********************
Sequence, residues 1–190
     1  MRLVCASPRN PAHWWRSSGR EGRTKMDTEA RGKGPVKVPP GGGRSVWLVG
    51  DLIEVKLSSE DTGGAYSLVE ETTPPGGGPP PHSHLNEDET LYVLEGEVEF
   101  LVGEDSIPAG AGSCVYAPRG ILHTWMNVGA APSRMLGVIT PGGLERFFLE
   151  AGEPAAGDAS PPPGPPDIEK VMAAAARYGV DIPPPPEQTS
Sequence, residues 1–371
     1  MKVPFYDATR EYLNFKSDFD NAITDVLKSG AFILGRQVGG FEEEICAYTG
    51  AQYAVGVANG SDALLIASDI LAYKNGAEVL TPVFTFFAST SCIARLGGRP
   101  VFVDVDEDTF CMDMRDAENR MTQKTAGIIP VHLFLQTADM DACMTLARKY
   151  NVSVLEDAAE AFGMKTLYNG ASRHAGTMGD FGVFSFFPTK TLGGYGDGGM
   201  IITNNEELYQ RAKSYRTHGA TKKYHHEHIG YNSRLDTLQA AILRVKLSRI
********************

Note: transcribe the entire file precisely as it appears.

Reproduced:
Sequence, residues 1–190
     1  MRLVCASPRN PAHWWRSSGR EGRTKMDTEA RGKGPVKVPP GGGRSVWLVG
    51  DLIEVKLSSE DTGGAYSLVE ETTPPGGGPP PHSHLNEDET LYVLEGEVEF
   101  LVGEDSIPAG AGSCVYAPRG ILHTWMNVGA APSRMLGVIT PGGLERFFLE
   151  AGEPAAGDAS PPPGPPDIEK VMAAAARYGV DIPPPPEQTS
Sequence, residues 1–371
     1  MKVPFYDATR EYLNFKSDFD NAITDVLKSG AFILGRQVGG FEEEICAYTG
    51  AQYAVGVANG SDALLIASDI LAYKNGAEVL TPVFTFFAST SCIARLGGRP
   101  VFVDVDEDTF CMDMRDAENR MTQKTAGIIP VHLFLQTADM DACMTLARKY
   151  NVSVLEDAAE AFGMKTLYNG ASRHAGTMGD FGVFSFFPTK TLGGYGDGGM
   201  IITNNEELYQ RAKSYRTHGA TKKYHHEHIG YNSRLDTLQA AILRVKLSRI